Are you currently running, or is it your goal to run a sustainable food business? Do you get excited thinking about cutting back on waste, partnering with fair trade vendors, and sourcing local food? If so, you’re not alone. A large number of business owners have prioritized sustainability in the last decade and that number is still growing.

While aiming for a sustainable business is admirable, it’s important to have a well-defined set of sustainability goals. Running a truly sustainable business is hard, and if you make the wrong decisions or overlook a third-party’s unsustainable practices, you could end up destroying your reputation.

To align your business with the true definition of a sustainable food business, there are five non-negotiable factors to embrace.

  1. Follow food standards

There are numerous sets of food technology standards that should be followed by every food business. These standards exist to support food manufacturers and others in the food industry to produce quality and consistent products.

Some of the standards apply specifically to sustainability. For example, SIST EM ISO 34101-1:2020 defines requirements for sustainable and traceable cocoa, which involves post-harvest processes like fermentation, drying, and storage.

Whether you’re looking for sustainability standards or quality improvement standards, it’s worth taking a look to see which ones are applicable to your business.

If you’re going to run a sustainable food business, you won’t become successful unless you also produce high-quality products and/or services for your customers. You’ll need to focus on quality and consistency, and your sustainable practices will help you grow further.

  1. Local support

Whenever possible, get local support for your business, even if it’s just sourcing spices from a local farm stand. Make every effort to align with other local businesses whenever possible. By doing this, you’ll cut out the middleman, which will automatically eliminate waste and emissions, like gas and packaging. Food sustainability at the local level is critical for societies to function independently long-term.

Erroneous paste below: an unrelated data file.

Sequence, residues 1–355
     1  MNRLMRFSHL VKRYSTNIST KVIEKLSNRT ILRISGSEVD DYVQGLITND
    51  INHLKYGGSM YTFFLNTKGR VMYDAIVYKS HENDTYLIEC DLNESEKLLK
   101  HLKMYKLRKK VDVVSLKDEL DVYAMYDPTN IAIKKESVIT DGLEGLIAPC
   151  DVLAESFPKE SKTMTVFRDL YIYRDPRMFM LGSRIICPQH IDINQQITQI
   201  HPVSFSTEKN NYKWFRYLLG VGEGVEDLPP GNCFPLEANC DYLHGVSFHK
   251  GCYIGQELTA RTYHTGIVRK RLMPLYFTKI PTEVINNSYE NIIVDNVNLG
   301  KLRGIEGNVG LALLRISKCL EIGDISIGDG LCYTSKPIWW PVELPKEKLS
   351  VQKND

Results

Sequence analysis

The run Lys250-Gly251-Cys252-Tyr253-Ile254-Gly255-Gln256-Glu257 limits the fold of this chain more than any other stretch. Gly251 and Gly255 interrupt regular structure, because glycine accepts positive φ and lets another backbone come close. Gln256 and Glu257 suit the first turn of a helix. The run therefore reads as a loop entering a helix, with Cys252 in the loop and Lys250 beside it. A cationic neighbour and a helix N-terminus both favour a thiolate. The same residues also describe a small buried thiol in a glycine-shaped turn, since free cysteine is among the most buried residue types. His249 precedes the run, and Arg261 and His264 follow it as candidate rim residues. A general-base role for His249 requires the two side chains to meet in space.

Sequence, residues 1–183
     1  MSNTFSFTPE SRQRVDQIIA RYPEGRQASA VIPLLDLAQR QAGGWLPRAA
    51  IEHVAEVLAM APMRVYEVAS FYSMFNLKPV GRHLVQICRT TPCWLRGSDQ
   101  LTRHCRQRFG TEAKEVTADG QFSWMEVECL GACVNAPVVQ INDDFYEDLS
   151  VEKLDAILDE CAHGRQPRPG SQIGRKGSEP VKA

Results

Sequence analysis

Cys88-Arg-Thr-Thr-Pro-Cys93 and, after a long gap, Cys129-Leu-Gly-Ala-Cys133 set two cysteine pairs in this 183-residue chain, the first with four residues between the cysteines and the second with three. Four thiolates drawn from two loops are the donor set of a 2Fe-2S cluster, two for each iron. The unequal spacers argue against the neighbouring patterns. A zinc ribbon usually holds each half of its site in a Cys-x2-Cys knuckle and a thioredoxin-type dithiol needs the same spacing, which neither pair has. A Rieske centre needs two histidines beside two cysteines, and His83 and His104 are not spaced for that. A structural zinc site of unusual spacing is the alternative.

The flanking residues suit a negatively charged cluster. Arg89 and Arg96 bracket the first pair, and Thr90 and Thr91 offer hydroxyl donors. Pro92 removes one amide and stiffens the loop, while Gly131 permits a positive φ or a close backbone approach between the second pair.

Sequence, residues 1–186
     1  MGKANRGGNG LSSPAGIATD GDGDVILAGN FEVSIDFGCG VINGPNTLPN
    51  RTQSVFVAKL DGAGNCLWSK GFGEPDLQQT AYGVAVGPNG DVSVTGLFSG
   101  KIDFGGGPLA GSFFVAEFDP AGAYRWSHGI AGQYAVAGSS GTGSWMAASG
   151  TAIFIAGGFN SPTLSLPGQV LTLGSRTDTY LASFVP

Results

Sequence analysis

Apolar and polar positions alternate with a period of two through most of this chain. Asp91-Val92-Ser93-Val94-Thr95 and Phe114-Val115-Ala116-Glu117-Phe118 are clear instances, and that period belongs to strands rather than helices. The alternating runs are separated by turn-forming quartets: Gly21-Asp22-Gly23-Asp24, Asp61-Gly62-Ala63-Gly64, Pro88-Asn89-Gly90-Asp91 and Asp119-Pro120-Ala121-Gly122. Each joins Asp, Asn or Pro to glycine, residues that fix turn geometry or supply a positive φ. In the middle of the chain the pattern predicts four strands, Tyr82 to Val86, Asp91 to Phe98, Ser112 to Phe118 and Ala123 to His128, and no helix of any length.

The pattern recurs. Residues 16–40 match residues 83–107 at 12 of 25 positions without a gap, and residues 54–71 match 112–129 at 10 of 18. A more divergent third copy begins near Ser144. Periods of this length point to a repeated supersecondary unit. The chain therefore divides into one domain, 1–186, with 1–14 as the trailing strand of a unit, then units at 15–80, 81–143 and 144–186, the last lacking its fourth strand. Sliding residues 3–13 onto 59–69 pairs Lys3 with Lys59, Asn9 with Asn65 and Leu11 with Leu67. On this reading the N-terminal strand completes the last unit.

1. Verify every third-party sustainability claim

While your business might be on par with sustainability standards, that doesn’t mean your third-party vendors are living up to those same standards. Before incorporating other products and services into your company, verify all sustainability claims. You can’t afford to get tangled up with a company making false claims.

You’d be surprised how many false claims of sustainability are being peddled in the marketplace. For example, compostable utensils are not compostable. While the fine print says they need to be composted at an industrial facility, actual experiments have shown some brands don’t biodegrade even after 60-90 days of being composted in high heat.

It would be embarrassing to partner with a company making claims that are easily proven false by your customers.

  1. Research sustainable certifications

Partnering with a business who claims to have the “National Food Sustainability” certification sounds good, but that’s a made-up certification. There are few recognized sustainability certifications and label claims that mean something. It’s critical to get familiar with all of the certifications and label claims, so you know exactly how your third-party vendors are certified.

Some sustainability certifications won’t make a difference to your business. For example, if you’re committed to dealing with food that is never sprayed with any kind of pesticide, then a “Protected Harvest” certification is a sign not to get involved. This certification only bans certain pesticides and GMOs and aims to reduce the impact of pesticides used.

  1. Listen to your customers

Your best feedback will always come from upset customers. If you’re trying to run a sustainable business, you need to be aware that your company will be under a microscope and every move you make will be analyzed by your customers. If you let them down, they’ll let you know.

In 2018, research performed by the International Food Information Council Foundation revealed that 59% of consumers find sustainability important. That means at least 59% of your customers have the potential to boycott your business if you don’t meet their expectations.

If your customers are upset that you’re doing business with a company known to produce too much waste or that uses unsustainable practices, listen to those customers. They will help you get back on track.

Sustainable food is hard work

There’s nothing easy about running a sustainable food business. However, it gets easier once you get the right vendors, sustainable partners, and have a way to vet new products and ingredients. Even though it’s hard work, running a sustainable food business is a service to the community and is a doorway for creating and strengthening your local food system.